Newport women celebrate reaching 90 -- and then some
With some aches and pains but generally good health, three women over 90 enjoyed being the center of attention last week at Red Rock Manor, in Newport.
If you live into your 90s, doctors say you probably don't have to be concerned about cholesterol anymore so Ruth Ighel, 94, Bernice Schaab, 90, and Helen Petrowske, 101, celebrated last week with large pieces of birthday cake and two scoops of vanilla ice cream.
Their Rod Rock friends and neighbors gave them corsages and a special table and sang "Happy Birthday," a song they've heard many times.
Ighel said she's lasted so long because she had "good parents" as she was growing up in Germany.
Petrowske said many people in her family have lived into their 90s and longer.
Schab said hard work helped her live a long life. She was the first one in her family to live to be 90.
They all have days when they don't feel as well as they did at their birthday celebration and they forget some things now and then. But when asked about their health, they said they feel "pretty good," and are happy to be living independently at Red Rock Manor.
Ighel didn't have an easy life, growing up in Germany before emigrating to the United States.
Life wasn't easy for anyone during World War II, but it was especially difficult in Germany. Ighel's father was in the military and she worked for military men. As an American, now, Ighel wants people to know that, like many Germans, she was never a Nazi.
Traveling throughout Axis countries, she survived bombings in Berlin and was in Dresden during an attack by American bombing.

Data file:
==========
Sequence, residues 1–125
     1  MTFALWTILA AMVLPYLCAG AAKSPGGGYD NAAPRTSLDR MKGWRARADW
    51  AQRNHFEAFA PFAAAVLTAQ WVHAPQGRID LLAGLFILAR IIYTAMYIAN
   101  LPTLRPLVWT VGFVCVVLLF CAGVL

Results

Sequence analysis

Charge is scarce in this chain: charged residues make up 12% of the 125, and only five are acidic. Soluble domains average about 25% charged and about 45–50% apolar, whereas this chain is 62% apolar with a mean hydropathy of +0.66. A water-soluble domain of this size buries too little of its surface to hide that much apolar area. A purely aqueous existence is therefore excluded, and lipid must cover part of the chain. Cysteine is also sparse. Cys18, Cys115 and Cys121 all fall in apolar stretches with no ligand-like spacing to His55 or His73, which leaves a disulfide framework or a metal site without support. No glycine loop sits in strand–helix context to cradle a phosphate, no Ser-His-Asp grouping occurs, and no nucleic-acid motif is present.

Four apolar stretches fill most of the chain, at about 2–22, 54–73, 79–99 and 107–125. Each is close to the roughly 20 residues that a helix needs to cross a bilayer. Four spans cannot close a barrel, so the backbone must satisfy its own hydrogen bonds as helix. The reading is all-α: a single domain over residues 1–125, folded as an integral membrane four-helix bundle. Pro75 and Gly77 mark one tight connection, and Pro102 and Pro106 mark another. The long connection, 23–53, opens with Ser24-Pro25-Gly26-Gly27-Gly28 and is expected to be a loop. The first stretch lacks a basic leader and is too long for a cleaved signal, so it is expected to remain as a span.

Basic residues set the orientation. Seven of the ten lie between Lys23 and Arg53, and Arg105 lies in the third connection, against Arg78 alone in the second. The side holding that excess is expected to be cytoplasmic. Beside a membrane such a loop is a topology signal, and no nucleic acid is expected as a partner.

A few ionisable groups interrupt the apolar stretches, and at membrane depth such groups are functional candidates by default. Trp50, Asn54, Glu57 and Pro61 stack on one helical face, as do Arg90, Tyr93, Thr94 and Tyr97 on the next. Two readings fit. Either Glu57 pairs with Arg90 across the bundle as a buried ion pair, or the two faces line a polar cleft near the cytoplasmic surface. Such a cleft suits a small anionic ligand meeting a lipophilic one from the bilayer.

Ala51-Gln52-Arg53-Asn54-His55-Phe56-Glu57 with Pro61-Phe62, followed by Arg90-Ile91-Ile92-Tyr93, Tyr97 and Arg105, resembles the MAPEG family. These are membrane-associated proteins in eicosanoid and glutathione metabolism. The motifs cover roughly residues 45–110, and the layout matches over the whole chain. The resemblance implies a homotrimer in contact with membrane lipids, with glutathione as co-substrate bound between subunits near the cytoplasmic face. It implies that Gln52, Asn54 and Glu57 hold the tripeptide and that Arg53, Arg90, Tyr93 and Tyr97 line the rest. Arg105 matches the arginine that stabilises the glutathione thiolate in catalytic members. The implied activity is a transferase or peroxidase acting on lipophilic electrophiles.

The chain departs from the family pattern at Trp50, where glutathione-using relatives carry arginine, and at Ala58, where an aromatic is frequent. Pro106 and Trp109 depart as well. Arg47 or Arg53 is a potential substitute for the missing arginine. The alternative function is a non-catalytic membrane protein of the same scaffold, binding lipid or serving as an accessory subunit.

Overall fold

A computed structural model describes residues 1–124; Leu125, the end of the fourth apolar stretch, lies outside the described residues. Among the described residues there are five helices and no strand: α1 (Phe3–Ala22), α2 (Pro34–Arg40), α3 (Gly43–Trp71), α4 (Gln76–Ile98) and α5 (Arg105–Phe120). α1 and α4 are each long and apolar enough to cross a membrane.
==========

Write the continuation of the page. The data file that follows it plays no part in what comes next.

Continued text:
It wasn't just the bombs that were dangerous, Ighel said. The turbulence from a bomb nearly propelled her into a fire.
She was in a group of people heading for a church during the bombing but decided not to go there at the last minute. Soon after, they would have entered the church, the roof fell on those sheltering there.
The women lived their earlier years in times when it was unusual for women to work outside their homes.
For Schaab, she needed to help her family and took a job in the South St. Paul stockyards where her husband worked.
For 15 years, she said she did "every dirty job" there was at Swift & Co., often within a hostile work environment.
While washing down wooden pallets, some men working below her on a lower floor took advantage of the slats in the pallet to look up at her.
"I turned the hose on them," she said.
Shaab was one tough cookie in her time. After leaving her stockyard job, she became a waitress and cook in her daughter's cafe and bar, retiring at 82.
"Sixty-five meals a day," she said.